Bushcraft Safir review
BEST IN TEST
Tentipi, Safir 9 man
Breathable cotton polyester fabric
Weight 13.6 kg
5.3 m diameter
3.1 m high
Pack size: 730 mmx305 mm
Storage: bag with compression straps for tighter packing
We reviewed the 7 man version in issue 8 some years ago now and I have had personal experience of the 5,7 and 9 man versions. Sweden is renowned for producing some great bushcraft kit and this is no exception, regarded by many as the flagship of all tipis.
The quality of the workmanship is unquestionable; it is of an exceptionally high standard with attention to detail being paid to everything from the guy line retention to the reinforcing on the door.
Venting is via three vent points around the bottom, a two way zip unzips a section of the base material to reveal a mesh panel. Marrying up on the outside there is a peg out flap that you can guy out with 3 guys to create a covered venting channel. The two way zip system allows you to open the vents as much or as little as required. The top venting system is a feat of design and engineering! lt is ingeniously controlled by a series of cords running through a concealed strip to the side which raise the ‘cap’ allowing you to adjust the amount and direction of ventilation with ease from inside the tipi. Built-in insect mesh toggles away if not needed. Unlike the ‘hood and cone’ systems mentioned above (in the full test report, tipis with such hoods are reviewed/editor’s remark) you can stay dry when adjusting the ventilation, there is no separate hood to worry about when erecting and no concern at all about getting a good wind and water tight seal!
The design of the door means that this can be used for further ventilation, it rolls back to provide a good sized opening and there is a smaller panel that can be unzipped with the insect mesh still keeping out any unwanted visitors. When closed you can secure it shut with steel rings and toggles for security. The flap over the door is such that it sits well covering the zip but if there was horizontal rain and the wind blowing at the right angle then very minimal penetration may be possible. That said, a group of us sheltered in one in Sweden in very bad weather and this was not a problem.
The alloy pole is elasticated, and, being the same diameter throughout makes for very easy pitching and good stability. The pegs are very good too, there are two lengths included in the bag and they are more than adequate in sand, stony soil or soft damp ground!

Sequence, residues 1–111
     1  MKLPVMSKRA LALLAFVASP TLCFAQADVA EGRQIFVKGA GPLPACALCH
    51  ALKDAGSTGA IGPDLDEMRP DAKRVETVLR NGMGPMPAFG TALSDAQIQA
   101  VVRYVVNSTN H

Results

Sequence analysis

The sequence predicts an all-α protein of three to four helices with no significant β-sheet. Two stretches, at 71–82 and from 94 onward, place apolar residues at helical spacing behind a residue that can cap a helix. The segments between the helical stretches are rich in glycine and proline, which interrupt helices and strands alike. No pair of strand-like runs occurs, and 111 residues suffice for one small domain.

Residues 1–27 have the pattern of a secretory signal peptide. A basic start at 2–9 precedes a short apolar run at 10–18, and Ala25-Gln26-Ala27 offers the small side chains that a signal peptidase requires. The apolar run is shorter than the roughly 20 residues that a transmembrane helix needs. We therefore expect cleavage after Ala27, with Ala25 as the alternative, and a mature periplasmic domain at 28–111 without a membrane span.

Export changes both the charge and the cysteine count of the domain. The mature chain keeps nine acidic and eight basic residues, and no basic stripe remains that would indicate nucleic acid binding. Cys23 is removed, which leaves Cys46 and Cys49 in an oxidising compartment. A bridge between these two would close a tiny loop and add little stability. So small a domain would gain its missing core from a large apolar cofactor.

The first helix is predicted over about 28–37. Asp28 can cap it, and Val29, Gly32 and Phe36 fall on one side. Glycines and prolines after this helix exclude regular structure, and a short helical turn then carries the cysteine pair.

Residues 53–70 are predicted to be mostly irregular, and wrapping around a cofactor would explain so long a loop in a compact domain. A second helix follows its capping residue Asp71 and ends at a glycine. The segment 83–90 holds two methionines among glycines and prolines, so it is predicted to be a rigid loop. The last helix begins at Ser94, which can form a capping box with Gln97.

The tipi comes with some very comprehensive instructions; there is a little pot with them in, along with a Tentipi memory stick! It comes with a tape for pegging, the process is simple. Put a peg where you want the centre of the tipi to be, loop the pegging cord over it, extend it and place a peg in the ground, place another one opposite it, then two either side to form a cross, then using the tape to show the locations place a peg in between each of these points, hook the tipis pegging rings onto the pegs and walk the pole in. A few minutes and hey presto! The pegging points can then be tensioned. The skirt folds internally and has toggles at each corner of it to give a nice shaped fit, then the floor clips in over this. The floor has a zipped T- section so that you can have various configurations to allow for an access area, fires etc.
I have never actually needed the guys as the tent alone is very stable. The guying points (about 3ft and 5ft from the ground) with bright yellow guys already fitted are more than adequate for all but a full blown hurricane! When packing away, once you have bundled your cord tapes with bungees, sliding toggles secure them neatly out of the way.
There is also a purpose built exit point for a stove in the roof, which closes with velcro, and, not surprisingly in terms of attention to detail, the Eldfell stoves are designed to fit and are available in steel and stainless steel. This tent will sleep 8 in comfort and 10 if needed, 6 in real comfort with a reasonable amount of gear.
Value for Money: 5/5
Storm Proofing: 5/5
Ease of Set up: 5/5